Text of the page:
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About The daily Nebraskan. ([Lincoln, Neb.) 1901-current | View Entire Issue (April 25, 1994)
Monday, April 20,1994
Rainbow Rowell. . .
Adeana Left in.
tVilliam Lauer. .. .
Editorial Board -
University of Nebraska-Lincoln
...Opinion Page Editor
. .Sports Editor
..Associate News Editor
. . Arts & Entertainment Editor
KM I OKI \l
Two steps back
Loss of men s gymnastics solves nothing
The University of Nebraska has won 10 national titles in its
Two were in football, in 1970 and 1971. The other eight
—— all in the past 15 years — have come under the guidance of
Francis Allen, Nebraska’s men’s gymnastics coach.
After a gutsy performance by Nebraska’s four seniors and three
underclassmen, Allen got his eighth title Saturday. *
But it may be his last.
At this year’s convention, the NCAA passed Proposal 158,
which states a sport must have 40 schools in it to remain a sanc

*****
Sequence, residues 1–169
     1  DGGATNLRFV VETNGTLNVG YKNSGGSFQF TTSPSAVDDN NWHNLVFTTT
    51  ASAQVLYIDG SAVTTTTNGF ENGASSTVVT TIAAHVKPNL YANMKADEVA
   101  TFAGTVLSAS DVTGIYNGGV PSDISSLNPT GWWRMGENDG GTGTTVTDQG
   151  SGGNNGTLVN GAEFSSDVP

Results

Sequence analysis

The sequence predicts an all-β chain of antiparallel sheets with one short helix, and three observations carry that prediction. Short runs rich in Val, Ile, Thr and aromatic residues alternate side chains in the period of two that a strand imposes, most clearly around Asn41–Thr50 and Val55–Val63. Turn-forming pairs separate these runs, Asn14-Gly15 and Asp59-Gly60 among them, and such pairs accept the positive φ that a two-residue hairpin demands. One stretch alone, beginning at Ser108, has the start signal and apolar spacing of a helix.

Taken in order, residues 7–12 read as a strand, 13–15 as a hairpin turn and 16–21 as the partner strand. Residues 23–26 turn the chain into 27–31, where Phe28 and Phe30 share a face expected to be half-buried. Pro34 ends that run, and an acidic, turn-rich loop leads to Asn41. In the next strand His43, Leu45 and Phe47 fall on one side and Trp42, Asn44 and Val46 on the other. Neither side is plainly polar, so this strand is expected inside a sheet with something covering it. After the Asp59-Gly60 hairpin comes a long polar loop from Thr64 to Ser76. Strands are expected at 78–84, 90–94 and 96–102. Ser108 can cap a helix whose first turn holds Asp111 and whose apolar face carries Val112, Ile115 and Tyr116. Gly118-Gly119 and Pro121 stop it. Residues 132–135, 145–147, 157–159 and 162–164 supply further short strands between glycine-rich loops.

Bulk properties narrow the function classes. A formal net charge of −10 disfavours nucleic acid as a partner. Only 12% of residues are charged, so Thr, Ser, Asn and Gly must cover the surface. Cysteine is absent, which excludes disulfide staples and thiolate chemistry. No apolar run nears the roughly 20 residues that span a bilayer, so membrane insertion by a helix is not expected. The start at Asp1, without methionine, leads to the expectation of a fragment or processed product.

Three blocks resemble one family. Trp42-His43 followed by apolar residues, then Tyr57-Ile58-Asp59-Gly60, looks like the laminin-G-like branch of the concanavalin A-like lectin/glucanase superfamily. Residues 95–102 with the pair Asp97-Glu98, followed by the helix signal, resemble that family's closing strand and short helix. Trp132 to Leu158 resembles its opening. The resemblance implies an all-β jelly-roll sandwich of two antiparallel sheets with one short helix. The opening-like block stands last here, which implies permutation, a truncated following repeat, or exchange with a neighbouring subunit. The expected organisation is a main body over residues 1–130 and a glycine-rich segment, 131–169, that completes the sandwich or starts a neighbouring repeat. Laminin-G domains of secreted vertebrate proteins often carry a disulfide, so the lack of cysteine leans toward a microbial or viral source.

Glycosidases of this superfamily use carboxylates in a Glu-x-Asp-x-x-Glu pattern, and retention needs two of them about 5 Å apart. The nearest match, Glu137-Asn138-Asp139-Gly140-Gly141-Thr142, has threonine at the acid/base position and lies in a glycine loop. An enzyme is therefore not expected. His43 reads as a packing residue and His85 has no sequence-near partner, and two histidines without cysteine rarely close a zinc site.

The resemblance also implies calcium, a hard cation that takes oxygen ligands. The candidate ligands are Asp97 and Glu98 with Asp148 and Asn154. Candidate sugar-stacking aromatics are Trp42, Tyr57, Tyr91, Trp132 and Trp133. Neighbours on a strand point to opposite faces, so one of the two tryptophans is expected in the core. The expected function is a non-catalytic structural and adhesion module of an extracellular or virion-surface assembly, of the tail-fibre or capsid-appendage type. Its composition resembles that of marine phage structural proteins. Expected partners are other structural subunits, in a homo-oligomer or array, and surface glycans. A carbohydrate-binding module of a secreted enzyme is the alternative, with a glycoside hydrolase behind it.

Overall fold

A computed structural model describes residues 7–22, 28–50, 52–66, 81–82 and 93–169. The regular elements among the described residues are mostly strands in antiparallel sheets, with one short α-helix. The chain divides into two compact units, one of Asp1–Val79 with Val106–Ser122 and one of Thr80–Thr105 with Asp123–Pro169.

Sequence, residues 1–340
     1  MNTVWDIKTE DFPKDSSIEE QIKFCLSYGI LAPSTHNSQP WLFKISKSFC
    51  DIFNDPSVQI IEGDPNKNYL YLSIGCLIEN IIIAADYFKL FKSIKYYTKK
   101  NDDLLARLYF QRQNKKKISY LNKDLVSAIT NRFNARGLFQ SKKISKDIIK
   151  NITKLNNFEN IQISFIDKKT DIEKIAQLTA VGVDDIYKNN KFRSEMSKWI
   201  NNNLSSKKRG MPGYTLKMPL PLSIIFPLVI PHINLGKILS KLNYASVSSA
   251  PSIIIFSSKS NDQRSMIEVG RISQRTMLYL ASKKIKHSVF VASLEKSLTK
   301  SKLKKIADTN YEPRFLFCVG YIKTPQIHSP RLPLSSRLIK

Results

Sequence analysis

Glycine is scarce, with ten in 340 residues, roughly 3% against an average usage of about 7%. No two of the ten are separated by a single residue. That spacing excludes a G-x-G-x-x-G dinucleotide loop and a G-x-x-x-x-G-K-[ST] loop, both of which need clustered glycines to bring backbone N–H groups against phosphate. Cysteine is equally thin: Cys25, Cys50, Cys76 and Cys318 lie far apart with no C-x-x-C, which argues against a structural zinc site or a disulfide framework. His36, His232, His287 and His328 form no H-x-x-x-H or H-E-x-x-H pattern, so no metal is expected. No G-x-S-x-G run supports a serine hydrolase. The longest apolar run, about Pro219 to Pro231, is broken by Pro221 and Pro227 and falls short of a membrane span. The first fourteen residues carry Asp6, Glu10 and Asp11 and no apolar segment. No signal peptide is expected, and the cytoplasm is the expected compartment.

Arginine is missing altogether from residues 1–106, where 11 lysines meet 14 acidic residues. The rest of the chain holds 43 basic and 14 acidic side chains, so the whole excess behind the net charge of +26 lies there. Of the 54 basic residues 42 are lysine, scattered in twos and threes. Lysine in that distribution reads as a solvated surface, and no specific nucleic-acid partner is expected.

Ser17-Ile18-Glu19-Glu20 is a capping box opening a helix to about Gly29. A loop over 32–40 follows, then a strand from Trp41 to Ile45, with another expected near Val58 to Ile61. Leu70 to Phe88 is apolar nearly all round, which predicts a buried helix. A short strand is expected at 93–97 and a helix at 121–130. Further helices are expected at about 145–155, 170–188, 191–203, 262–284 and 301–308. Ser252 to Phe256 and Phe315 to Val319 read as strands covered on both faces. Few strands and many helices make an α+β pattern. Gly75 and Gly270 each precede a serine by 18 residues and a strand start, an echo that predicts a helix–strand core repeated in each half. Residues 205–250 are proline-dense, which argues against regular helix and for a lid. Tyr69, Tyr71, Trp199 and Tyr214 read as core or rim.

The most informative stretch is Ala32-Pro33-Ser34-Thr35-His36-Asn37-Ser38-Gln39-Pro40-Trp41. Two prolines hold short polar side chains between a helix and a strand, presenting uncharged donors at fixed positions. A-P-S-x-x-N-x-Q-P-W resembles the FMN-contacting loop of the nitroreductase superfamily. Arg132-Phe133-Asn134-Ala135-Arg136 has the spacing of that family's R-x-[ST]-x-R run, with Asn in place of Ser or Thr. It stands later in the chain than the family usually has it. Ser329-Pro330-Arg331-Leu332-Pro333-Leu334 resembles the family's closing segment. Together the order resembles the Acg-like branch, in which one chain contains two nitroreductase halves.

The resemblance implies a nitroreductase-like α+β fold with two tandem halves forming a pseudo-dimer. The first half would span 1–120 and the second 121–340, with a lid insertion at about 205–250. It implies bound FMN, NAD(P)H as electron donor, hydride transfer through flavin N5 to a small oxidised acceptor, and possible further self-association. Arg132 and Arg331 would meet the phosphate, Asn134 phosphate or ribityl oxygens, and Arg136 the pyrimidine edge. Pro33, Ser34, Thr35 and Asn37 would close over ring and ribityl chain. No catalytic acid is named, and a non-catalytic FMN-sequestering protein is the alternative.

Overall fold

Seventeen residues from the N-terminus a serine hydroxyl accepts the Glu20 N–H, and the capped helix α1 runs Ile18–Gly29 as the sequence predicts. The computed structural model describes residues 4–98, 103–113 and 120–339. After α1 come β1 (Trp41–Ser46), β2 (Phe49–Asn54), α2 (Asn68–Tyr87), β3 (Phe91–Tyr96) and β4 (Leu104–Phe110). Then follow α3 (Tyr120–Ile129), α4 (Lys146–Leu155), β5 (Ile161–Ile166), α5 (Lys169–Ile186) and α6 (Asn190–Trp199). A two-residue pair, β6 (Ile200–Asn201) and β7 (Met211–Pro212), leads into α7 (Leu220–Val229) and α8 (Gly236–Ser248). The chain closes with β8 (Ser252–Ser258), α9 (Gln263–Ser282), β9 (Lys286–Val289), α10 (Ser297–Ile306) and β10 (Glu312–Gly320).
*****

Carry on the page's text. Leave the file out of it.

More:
Only 36 schools have men’s gymnastics teams.
That means, after the completion of next season, men’s gymnas
tics will more than likely become extinct as a championship sport.
“For this team’s legacy to continue, the sport needs to continue,”
Allen said. “They did their part. Now 1 need to do my part.”
Allen has a tough task ahead.
He has said Proposal 158 is just another prong in the process of
achieving gender equity, but cutting a low-cost, low-numbers
sports like men’s gymnastics does little to achieve gender equity.
It doesn’t accomplish anything, except eliminate a sport that
epitomizes the combination of power and grace.
The NCAA seems bound and determined to achieve gender
equity — no matter the cost.
Gender equity is an admirable goal. But the concept was de
signed to create opportunities for women, not destroy them for
Proposal 158 should be repealed at next year’s convention.
Otherwise, the NCAA will be eliminating a lot more than just
“It will be a dam shame if the NCAA discontinues these cham
pionships,” Ohio State coach Peter Kormann said, “because the
gymnastics you saw out here was on par with world-class competi
“You don’t get that in any other NCAA sport.”
<)l III l<v \ || w